Conserving Cartoons: Interns Get to Work on the Whitefriars Collection

A team at the Rakow Library is hard at work assessing and conserving a selection of stained glass cartoons from the Whitefriars collection the library received in 2008 as a gift from the Museum of London. With 5,000-7,000 large-scale design drawings, ranging in size from 4 to 20 feet in length, selecting objects to focus on was no small feat.

Rolls of Whitefriars cartoons.

Rolls of Whitefriars cartoons.

In 2014, the Institute of Museum and Library Services (IMLS) awarded a National Leadership grant to the Rakow to develop a cost-effective method to preserve, digitize and offer public access to the Whitefriars collection.

Phase one of the three-part planning grant had Rakow staff working with the Museum of London to select the first set of rolls to be preserved and digitized—roughly 15 rolls containing about 150 works—representing important artists and installations, as well as local pieces of interest for both the Museum of London and the Rakow.

But the Rakow faced several conservation and storage challenges when it came to this significant collection. The cartoons were dirty from being used as working documents on the factory floor, and they had been stored in less-than-optimal conditions in a warehouse for several decades. How would the now-brittle cartoons be safety unrolled, let alone conserved?

That’s where phase two comes in. The Rakow has brought on two interns to preserve the selected rolls in conjunction with West Lake Conservators.

Nicole unrolls a roll of stained glass cartoons.

Nicole unrolls a roll of stained glass cartoons.

The interns, Nicole Monjeau and Natasa Krsmanovic, arrived in June. Nicole is a 2014 graduate of Camberwell College of Arts, University of the Arts London, holding a conservation master’s degree in art on paper. Natasa is a Queen’s University at Kingston student in the master of art conservation program. She holds a bachelor’s degree in art history, specializing in the history of printmaking, early photography, and materiality/digitization of art objects.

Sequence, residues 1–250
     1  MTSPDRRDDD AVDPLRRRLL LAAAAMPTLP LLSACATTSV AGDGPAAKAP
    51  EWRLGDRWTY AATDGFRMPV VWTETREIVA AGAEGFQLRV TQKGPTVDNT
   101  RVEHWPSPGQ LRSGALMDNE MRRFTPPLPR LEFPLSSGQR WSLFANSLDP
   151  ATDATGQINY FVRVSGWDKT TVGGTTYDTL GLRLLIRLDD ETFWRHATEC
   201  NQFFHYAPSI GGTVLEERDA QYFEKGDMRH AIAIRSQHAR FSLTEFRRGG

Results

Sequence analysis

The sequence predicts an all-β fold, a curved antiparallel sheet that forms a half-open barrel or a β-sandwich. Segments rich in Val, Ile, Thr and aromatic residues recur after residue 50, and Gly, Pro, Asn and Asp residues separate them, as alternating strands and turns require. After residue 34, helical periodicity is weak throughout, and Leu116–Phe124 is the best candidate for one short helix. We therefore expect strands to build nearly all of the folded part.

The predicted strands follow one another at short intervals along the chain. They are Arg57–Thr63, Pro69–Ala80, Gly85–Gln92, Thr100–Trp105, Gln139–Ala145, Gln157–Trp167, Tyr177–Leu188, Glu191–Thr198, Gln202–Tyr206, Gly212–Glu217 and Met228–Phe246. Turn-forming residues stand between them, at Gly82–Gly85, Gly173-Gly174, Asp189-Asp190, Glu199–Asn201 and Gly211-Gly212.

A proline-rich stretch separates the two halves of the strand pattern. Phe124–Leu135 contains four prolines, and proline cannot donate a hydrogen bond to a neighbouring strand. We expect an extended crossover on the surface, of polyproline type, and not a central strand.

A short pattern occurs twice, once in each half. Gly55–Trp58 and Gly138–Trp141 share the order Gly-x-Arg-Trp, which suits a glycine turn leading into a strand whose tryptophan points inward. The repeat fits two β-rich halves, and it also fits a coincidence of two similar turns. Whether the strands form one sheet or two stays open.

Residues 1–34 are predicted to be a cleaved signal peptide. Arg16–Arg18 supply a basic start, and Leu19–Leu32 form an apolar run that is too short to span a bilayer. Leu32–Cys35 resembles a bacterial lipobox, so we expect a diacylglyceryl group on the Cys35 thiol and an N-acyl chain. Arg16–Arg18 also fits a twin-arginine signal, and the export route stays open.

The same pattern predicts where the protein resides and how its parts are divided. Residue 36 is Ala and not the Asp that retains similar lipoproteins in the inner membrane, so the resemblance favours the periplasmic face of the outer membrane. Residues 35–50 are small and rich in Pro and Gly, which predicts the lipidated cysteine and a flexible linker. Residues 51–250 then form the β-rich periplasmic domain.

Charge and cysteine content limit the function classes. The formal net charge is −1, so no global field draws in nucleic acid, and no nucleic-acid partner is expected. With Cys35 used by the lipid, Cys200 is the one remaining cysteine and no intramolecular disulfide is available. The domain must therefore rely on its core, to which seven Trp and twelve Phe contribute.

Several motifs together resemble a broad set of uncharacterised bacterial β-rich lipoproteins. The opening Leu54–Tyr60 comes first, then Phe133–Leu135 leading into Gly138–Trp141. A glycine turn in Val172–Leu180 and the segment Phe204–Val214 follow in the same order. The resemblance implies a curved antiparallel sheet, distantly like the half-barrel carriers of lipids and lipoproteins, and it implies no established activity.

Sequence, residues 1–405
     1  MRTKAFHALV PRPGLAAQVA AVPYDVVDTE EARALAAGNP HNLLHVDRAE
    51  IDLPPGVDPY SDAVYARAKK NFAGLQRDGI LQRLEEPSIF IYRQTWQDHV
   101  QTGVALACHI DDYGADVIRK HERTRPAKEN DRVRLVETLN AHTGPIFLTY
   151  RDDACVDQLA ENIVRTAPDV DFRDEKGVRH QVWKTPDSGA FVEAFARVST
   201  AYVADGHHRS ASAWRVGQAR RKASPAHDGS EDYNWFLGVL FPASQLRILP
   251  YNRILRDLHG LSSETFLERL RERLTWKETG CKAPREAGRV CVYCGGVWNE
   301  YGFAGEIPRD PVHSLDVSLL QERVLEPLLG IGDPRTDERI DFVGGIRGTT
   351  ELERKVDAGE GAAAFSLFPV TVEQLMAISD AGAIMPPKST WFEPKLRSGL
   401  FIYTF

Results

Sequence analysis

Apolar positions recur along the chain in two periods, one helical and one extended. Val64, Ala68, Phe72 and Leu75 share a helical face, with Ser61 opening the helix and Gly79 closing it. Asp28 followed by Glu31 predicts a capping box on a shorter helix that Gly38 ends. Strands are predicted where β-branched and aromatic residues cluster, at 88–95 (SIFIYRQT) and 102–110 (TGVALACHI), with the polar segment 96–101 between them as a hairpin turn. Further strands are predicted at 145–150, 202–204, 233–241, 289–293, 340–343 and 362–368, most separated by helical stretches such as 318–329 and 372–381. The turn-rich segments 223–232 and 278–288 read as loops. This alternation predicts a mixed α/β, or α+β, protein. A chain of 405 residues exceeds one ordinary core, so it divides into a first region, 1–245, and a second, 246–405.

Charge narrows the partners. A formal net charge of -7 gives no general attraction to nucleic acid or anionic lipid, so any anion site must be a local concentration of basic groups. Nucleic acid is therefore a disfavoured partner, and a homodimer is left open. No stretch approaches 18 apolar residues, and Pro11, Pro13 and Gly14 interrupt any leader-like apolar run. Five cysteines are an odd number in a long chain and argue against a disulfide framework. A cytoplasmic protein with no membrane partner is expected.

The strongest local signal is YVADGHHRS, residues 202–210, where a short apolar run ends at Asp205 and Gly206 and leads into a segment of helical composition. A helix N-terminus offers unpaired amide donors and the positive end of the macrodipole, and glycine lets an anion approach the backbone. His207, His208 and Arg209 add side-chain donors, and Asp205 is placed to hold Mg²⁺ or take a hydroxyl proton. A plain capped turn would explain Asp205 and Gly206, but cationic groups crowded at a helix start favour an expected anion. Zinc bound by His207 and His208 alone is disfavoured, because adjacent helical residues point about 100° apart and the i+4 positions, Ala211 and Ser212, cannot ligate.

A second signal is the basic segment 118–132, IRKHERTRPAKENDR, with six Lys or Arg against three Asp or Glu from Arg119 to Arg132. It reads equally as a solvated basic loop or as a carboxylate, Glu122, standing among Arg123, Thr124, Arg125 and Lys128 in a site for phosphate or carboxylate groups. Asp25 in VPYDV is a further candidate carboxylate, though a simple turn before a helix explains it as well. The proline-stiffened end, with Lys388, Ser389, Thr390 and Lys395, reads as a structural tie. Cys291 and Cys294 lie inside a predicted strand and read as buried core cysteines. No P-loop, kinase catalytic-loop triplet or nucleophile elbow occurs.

Natasa places stained glass cartoons in a drying stack to be flattened.

Natasa places stained glass cartoons in a
drying stack to be flattened.

Nicole and Natasa are spending three months in a newly-established preservation lab at the Rakow, unrolling and separating objects, making condition reports, photographing and surface cleaning the objects, and mending them once they have been humidified to lie flat. Once repaired, the objects are placed in housing materials and go back to the stacks.

Nicole unrolls a roll of waxed canvas tracings.

Nicole unrolls a roll of waxed canvas tracings.

But it isn’t all about mending tears and taking notes. They’ve made some fun discoveries along the way.

“I really like to see little bits and bobs doodled around the objects,” said Nicole. “We’ve found a dog doodle, sketches that show they were trying to get the right proportion and position of hands and feet, notes, and tea stains. It gives a sense that a lot of these, the waxed canvas tracings in particular, were working documents for the Whitefriars.”

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This internship allows Nicole and Natasa to work with a wide range of materials, such as machine-made paper, waxed canvas, tracing paper, and silver gelatin photographs. Both were excited about the opportunity to work with so many oversize objects.

Nicole and Natasa have also visited several churches which house the finished stained glass windows of some of the cartoons they’ve been working with. They will soon share a post about the experience.

This week, the interns will be taking over our Instagram channel, sharing photos from the preservation lab. Follow along @CorningMuseum!

Read more about this project in previous posts.

This project was made possible in part by the Institute of Museum and Library Services (#LG-55-14-0110-14).


The Rakow Research Library is open to the public 9am to 5pm every day. We encourage everyone to explore our collections in person or online. If you have questions or need help with your research, please use our Ask a Glass Question service.

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